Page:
Most cases of asthma are allergic in origin and are characterized by eosinophilic airway inflammation associated with mucous hypersecretion and airways hyper-responsiveness (AHR). Airway inflammation in asthma results from an allergic-type reaction to an inhaled antigen (allergen) from the environment. It is now clear that this reaction is primarily orchestrated by CD4[+] MHC class II restricted T cells that recognize and become activated by specific allergens via their T cell receptor. The asthma phenotype is thought to be primarily driven by Th2-type CD4[+] T cells;however, other CD4[+] T cell subsets, such as Th1 cells, Th17 cells and regulatory T cells (Tregs) have also been implicated in asthma pathogenesis. In this proposal, we will use MHC class II tetramers to specifically identify and study allergen-specific T cells recovered from the airways and blood following endobronchial segmental allergen challenge (SAC) in human subjects. We will compare the numbers, phenotype and function of effector and regularoty T cells recovered from two groups of allergic subjects: allergic asthmatics (AA) and allergic non-asthmatics (ANA). For unclear reasons, ANA subjects have symptomatic allergic inflammation to common aeroallergens in the skin, nose and/or eyes, but do not have symptoms of asthma. We hypothesize that there are fundamental differences in the T cell response in the lung to allergens in AA when compared to ANA subjects that account for the difference in the clinical response. In this project we will correlate the phenotypic and functioanl differences in T cell subtypes in these subjects to changes in airway physiology following SAC utilizing novel and innovative PET-CT imaging techniques.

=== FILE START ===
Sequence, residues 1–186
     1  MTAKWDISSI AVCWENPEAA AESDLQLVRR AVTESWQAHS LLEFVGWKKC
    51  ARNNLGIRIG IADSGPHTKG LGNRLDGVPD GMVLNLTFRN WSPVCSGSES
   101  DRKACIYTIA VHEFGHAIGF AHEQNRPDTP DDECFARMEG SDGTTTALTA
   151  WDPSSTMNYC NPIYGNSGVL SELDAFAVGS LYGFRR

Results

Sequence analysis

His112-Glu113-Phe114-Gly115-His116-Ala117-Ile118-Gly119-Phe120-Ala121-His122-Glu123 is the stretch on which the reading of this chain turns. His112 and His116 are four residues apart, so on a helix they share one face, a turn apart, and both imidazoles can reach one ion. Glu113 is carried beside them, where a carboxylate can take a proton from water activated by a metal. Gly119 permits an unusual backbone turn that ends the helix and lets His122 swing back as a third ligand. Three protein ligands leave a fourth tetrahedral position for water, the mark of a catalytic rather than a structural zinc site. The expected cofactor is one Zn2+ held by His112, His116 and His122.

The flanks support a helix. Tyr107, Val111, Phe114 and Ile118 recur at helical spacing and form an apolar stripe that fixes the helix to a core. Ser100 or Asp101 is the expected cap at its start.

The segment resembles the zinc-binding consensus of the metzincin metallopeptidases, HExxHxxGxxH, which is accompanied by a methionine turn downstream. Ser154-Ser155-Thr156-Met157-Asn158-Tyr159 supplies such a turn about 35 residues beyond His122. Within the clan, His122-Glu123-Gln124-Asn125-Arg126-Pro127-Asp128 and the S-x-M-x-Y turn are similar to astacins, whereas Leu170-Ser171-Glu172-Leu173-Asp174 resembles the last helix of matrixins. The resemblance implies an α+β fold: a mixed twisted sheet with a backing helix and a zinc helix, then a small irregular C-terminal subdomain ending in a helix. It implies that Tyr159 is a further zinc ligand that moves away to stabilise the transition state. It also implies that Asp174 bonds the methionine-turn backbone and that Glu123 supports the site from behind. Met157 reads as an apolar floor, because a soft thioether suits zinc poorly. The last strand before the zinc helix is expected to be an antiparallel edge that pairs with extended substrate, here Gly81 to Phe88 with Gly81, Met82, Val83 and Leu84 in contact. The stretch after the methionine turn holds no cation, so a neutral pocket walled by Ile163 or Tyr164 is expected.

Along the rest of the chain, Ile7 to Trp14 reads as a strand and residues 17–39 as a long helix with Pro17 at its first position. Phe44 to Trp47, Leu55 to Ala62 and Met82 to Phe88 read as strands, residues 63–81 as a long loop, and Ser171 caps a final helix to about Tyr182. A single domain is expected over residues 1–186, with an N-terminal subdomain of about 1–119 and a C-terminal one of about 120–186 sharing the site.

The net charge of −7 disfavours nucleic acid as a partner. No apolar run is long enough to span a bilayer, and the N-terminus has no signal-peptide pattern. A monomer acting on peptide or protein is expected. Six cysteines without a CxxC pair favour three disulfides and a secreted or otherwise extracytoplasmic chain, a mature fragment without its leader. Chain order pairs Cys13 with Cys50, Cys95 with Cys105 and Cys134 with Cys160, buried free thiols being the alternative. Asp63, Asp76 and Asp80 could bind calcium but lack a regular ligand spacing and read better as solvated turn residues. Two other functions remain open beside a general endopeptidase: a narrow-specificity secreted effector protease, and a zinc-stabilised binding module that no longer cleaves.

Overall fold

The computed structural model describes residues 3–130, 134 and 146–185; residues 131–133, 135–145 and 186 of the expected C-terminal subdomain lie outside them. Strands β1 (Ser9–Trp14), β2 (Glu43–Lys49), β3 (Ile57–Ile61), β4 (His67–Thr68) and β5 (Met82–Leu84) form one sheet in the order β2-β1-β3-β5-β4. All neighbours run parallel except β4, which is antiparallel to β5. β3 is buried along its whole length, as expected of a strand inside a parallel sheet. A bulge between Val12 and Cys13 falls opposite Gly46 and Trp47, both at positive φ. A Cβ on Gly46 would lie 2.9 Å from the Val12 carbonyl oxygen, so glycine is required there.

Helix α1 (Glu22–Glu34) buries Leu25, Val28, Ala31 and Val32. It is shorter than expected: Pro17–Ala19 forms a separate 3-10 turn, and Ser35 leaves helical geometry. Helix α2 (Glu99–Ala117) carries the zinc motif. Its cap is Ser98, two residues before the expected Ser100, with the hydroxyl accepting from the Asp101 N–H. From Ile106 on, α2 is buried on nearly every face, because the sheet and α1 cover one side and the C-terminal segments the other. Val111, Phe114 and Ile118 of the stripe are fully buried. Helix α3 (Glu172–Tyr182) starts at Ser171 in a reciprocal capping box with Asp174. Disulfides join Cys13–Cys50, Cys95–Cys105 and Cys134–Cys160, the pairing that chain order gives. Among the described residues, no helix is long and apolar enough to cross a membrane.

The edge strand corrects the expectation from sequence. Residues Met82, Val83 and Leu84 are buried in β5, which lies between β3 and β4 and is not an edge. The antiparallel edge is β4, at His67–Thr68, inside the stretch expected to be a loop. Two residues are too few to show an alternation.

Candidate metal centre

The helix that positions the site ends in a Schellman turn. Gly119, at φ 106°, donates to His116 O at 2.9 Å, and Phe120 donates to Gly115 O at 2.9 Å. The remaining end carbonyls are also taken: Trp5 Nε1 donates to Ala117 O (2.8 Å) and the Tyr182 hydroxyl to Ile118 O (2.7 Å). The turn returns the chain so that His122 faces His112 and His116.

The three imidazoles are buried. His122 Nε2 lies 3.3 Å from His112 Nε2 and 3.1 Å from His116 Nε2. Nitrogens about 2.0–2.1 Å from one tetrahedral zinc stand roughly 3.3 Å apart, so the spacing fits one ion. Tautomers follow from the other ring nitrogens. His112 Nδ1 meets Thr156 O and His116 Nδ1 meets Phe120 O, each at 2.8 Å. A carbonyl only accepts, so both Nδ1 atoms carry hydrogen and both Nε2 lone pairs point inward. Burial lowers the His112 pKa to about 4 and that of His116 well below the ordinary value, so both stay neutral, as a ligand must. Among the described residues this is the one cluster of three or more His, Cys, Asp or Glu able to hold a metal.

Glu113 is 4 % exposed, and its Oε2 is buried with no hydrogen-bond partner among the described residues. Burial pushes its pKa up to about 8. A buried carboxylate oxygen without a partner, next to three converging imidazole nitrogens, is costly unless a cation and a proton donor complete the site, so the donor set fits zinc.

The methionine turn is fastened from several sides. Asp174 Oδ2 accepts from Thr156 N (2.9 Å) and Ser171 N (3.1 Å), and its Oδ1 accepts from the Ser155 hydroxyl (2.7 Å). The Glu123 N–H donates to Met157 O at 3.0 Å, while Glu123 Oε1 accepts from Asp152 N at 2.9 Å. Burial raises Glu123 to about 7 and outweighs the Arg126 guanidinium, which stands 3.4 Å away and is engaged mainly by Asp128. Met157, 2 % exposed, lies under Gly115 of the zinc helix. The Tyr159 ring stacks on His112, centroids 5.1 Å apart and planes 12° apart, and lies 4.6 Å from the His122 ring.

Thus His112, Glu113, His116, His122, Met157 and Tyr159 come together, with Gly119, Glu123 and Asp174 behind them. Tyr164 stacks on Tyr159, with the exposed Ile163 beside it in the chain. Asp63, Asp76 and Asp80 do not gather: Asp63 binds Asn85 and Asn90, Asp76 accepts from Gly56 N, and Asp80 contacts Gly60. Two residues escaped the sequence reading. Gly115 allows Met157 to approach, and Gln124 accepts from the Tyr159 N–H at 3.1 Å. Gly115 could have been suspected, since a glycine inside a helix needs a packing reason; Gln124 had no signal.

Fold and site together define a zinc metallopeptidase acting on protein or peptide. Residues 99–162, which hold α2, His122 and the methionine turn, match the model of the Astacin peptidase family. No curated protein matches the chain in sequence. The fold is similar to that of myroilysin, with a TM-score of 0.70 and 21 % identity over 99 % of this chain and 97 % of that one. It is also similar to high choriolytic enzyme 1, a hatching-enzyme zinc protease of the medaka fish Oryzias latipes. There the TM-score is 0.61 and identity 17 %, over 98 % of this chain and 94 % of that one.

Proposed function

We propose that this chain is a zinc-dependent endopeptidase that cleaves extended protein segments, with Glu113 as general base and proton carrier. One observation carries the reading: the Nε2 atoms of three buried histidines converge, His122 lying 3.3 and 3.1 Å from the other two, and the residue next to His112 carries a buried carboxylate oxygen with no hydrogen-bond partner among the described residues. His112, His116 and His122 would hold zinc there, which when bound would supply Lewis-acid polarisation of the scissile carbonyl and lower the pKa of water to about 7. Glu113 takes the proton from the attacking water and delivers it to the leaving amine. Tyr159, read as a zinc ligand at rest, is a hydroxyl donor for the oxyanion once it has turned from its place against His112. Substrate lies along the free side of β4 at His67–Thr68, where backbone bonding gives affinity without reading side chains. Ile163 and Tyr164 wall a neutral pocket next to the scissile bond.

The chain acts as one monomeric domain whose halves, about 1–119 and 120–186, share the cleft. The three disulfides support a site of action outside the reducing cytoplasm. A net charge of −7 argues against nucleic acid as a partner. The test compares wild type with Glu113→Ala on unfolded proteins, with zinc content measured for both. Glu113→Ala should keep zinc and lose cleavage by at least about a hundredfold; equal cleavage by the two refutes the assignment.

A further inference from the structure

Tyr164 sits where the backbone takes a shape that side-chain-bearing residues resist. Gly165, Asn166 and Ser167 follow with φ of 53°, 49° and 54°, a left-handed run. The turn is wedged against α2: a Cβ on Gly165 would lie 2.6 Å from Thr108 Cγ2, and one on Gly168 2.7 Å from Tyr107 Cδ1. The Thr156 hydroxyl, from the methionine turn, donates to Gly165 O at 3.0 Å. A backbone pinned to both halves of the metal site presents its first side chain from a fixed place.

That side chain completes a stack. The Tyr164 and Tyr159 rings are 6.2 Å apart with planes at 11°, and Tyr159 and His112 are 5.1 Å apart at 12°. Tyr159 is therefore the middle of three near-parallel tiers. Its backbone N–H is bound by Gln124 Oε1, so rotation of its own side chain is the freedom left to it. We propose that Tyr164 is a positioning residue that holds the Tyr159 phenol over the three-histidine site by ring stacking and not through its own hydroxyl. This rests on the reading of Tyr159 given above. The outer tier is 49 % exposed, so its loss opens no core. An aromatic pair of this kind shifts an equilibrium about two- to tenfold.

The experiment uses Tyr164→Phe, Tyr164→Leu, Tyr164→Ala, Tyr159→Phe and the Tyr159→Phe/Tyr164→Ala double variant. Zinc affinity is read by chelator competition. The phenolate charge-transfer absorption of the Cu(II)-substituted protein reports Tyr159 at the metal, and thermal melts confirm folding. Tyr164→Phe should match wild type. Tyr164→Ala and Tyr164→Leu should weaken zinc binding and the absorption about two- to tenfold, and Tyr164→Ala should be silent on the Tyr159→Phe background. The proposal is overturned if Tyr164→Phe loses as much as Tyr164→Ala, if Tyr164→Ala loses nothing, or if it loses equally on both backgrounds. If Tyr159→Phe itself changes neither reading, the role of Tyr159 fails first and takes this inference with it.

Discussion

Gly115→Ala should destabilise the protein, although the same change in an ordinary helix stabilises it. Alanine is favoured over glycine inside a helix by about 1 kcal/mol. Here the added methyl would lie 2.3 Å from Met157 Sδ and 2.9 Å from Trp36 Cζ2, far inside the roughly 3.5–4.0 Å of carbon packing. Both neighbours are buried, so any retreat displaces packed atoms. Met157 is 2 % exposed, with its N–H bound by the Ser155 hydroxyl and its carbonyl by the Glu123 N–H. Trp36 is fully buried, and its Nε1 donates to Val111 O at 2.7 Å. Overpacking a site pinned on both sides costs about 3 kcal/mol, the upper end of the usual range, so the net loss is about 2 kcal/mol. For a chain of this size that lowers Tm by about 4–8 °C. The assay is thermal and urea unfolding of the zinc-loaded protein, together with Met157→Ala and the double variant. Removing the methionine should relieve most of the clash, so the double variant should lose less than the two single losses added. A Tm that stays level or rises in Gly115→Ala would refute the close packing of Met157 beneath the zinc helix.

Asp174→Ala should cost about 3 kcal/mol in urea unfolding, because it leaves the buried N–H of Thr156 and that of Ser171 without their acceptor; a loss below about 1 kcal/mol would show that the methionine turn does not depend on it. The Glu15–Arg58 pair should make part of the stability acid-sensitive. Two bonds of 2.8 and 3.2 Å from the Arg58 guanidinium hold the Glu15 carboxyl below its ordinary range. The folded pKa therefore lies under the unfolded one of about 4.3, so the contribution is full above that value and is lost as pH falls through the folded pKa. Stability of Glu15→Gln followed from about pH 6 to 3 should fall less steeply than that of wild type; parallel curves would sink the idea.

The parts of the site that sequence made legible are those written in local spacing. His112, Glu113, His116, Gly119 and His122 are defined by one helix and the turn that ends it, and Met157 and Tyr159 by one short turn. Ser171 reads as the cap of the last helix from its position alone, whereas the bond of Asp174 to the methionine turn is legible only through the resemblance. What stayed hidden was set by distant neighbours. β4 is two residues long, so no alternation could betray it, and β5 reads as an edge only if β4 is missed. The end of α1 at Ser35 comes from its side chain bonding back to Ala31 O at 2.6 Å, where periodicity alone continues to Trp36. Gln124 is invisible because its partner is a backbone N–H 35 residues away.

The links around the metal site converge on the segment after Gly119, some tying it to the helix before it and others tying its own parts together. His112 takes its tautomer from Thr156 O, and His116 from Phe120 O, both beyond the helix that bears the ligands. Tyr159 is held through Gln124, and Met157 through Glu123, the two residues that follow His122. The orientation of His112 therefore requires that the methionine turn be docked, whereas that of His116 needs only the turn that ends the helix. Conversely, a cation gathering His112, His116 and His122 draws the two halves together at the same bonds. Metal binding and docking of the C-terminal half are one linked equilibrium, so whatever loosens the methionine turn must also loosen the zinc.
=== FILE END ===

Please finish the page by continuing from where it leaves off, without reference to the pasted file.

The specific aims are: 1) To determine the correlation between airway inflammation and AHR following SAC;2) To determine the phenotype of allergen-specific and bulk CD4[+] T cells in the blood and airway following SAC;3) To identify the mechanisms that control T cell activation and activity in the airways following SAC;4) To determine the numbers, phenotype and function of Tregs in the airway following SAC. This proposal will define the phenotype of T cells in asthma, the mechanisms that control their activity, and the links between allergic airway inflammation and AHR.

Public Health Relevance

Asthma remains an important source of morbidity and health care costs in the U.S. Allergen-specific T cells are thought to be the primary inducers of airway inflammation that leads to the symptoms of asthma while regulatory T cells inhibit these responses and symptoms. This project will characterize in detail the T cell populations that mediate or suppress allergic airway inflammation and airways hyper-responsiveness.

National Institute of Health (NIH)
National Institute of Allergy and Infectious Diseases (NIAID)
Research Program--Cooperative Agreements (U19)
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Massachusetts General Hospital
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